The War of the Five Kings is finally over, and Petyr Balish is dead, and for the first time in her short existance, Sansa Stark feels free.
Robb has won. Not the entire war, of course - Daenerys Targaryen now sits on the Iron Throne, dragons and all. She is every bit as majestic as they say, and nowhere near as evil. When she saw Sansa, wrapped in the arms of Jaime Lannister, sweet Ser Jaime who had given everything up simply to bring her home, she hadn't had her killed on the spot, or taken her head, or fed her to her dragons. Instead she embraced the wolf girl as her sister and sent her on her way, back to the place for which she had longed for so many years.
She returns to Winterfell, and she returns without her lion.
There was nothing she could have done to save Jaime. He was dead the moment he rescued her from Petyr, his mission complete, his honor regained. For so long the knight's only purpose had been to rescue her, and she had completely forgotten her job - to rescue him. So on the final day of the final battle he marches off to war, leaving Lady Brienne to stay by her side, and he does not return. He had nothing to return for, nothing to come back to.
He had you, a part of her mind thinks, the larger, bitter part that still resents his leaving. He had you and he knew it, and he still left you.
But there is no time for grief. Robb has taken his seat as King in the North, and her home awaits her just in the distance.
When she arrives at the castle, court is in session. Her hood is drawn over her face - she wishes her arrival to be a surprise, not one ruined by an all-too-excited guard or an old friend whom might announce her arrival. Instead Lady Brienne introduces her as her squire, and the woman is whisked inside without any questions asked. They all know of the she-knight's victories on the battlefield, and Sansa is once more grateful for the woman's company. She is not, all-together, a bad travelling companion, and the once-girl, now a woman grown, likes to think her quite lovely. Her eyes are lovely, that much is certain, but she thinks it is more her heart that makes her comely. It is a thought she would have never dreamed up back when she was a child, still dreaming of true knights and princes in her chamber before Prince Joffery, but now that she is older, she thinks it might be the truest thought she has ever had.
The castle of Winterfell is a castle no more. It is a ruin, ransacked and destroyed by years of war and winter combined. Sansa is not disappointed, though - she had expected this. Even in the Eyrie, news travelled like wildfire. She had shed her fair share of tears for her childhood home in the times she was Sansa instead of Alayne, but even that Sansa had still been a child. She was no child, not any longer. She was a woman grown, stronger than her lord father and harder than her lady mother. The cold winds of winter had frozen her soul, and she would not be affected by such childish things any longer. War had come and gone, and she had grown. It was the way of life.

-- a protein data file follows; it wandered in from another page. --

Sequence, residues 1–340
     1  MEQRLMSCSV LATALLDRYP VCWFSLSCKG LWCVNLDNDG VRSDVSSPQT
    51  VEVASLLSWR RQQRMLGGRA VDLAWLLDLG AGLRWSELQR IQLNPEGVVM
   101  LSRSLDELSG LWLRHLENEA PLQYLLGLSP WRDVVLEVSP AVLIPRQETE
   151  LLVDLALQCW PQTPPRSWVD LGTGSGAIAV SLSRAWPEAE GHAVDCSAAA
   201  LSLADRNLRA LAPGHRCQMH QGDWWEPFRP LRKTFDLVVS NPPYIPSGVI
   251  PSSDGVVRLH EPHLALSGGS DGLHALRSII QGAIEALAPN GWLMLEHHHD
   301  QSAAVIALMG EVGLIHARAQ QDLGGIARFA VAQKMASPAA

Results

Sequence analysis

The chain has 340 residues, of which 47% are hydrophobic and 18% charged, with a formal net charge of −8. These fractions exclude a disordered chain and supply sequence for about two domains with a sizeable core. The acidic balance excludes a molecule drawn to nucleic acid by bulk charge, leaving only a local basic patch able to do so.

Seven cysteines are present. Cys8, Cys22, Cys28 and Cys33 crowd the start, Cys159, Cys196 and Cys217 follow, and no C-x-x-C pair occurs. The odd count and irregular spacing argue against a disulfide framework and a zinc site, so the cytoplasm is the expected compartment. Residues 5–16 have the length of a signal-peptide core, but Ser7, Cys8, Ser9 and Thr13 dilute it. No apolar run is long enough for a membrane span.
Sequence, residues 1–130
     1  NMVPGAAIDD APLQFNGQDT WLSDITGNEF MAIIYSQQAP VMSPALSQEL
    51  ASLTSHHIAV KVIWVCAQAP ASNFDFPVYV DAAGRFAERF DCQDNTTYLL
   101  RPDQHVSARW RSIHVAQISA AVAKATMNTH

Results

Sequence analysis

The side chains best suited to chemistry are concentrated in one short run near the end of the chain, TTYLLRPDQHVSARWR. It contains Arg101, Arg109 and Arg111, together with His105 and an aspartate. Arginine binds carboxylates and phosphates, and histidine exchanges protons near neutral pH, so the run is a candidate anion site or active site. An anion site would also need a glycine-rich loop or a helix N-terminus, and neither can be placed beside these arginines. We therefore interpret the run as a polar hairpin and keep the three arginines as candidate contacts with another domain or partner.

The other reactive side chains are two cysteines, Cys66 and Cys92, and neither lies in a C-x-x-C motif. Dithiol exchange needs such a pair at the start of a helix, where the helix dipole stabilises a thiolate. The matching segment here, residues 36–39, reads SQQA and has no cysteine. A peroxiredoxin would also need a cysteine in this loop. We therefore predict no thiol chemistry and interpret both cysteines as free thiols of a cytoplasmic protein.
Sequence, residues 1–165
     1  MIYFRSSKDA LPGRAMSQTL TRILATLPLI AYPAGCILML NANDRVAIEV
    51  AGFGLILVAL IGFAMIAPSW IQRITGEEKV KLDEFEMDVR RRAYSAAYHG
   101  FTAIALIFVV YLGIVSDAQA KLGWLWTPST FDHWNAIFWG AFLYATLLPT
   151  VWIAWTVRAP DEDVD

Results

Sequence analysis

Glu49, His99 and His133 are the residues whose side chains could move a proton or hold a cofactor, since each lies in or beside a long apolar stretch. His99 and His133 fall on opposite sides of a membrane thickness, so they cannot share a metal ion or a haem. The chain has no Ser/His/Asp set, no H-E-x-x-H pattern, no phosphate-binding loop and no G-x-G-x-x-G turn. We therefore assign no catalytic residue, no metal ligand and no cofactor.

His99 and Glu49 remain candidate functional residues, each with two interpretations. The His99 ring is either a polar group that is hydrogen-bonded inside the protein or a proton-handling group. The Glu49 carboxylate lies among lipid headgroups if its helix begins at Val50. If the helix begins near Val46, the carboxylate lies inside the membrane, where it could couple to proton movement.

There main hall of Winterfell remains, to her great pleasure, nearly untouched. It is here where Sansa and Brienne slip into the back of the proceedings unnoticed - or, as unnoticed as a giant woman and a shrouded girl can be. She can see Robb sitting on his throne, the iron crown looking heavy on his head as he carries on with the troubles of the North, Grey Wind faithfully by his side, as always. Seeing the direwolf causes an unfamiliar pang in her chest, one she has not felt for years, and for a moment Sansa finds herself wishing for Lady. A childhood pet, she has to remind herself sternly, clenching her nails into her balled-up fist as if to reprimand her thoughts, and you are no longer a child. Joffery Baratheon made sure of that, when he cut off your father's head.
But she had laughed last in the end. Joffery was dead, Cersei was dead, and Sansa was still alive. In the end the wolves had triumphed over the lions, and for that she knows she is victorious.
Sansa has sat through enough courts at King's Landing to be completely repulsed by them, and it feels as if it is hours before every desperate petitioner has made their plea. Robb is rather good at pleasing the people, it seems, a trait which she has not seen in any ruler besides the Dragon Queen. She is proud of him, her flesh and blood. Proud of him for surviving a war that no one else in their family could survive. Jon was the only other Stark, but even then he had learned he was a Targaryen, and although his loyalty was still true to House Stark, it seemed that the chasm between him and his family, the family that had raised him, housed him, loved him, was only growing larger.
We are the only two Starks left, she thought sadly, an ache in her heart that could not be filled, not even by her sweet, sweet brother. We are the last two wolves, Robb. We are the pack, and together we must survive.
At last Lady Brienne is stepping forward to speak, and with a sigh of relief Sansa follows behind her, face still shrouded, kneeling before her King, the King in the North.
"Your Grace," the woman's voice was with thick with emotion, and Sansa knows she realizes the importance of this moment as well as herself. This is what they have been living for, what they have fought for day by day. This is what Jaime, her Jaime died for, and this is the moment that shall change everything. The Starks were to be reborn once more, and together they would rule them all. "May I present to you Lady Sansa Stark of Winterfell, saved by Ser Jaime Lannister from the clutches of the false lord Petyr Balish, returned home to you once more."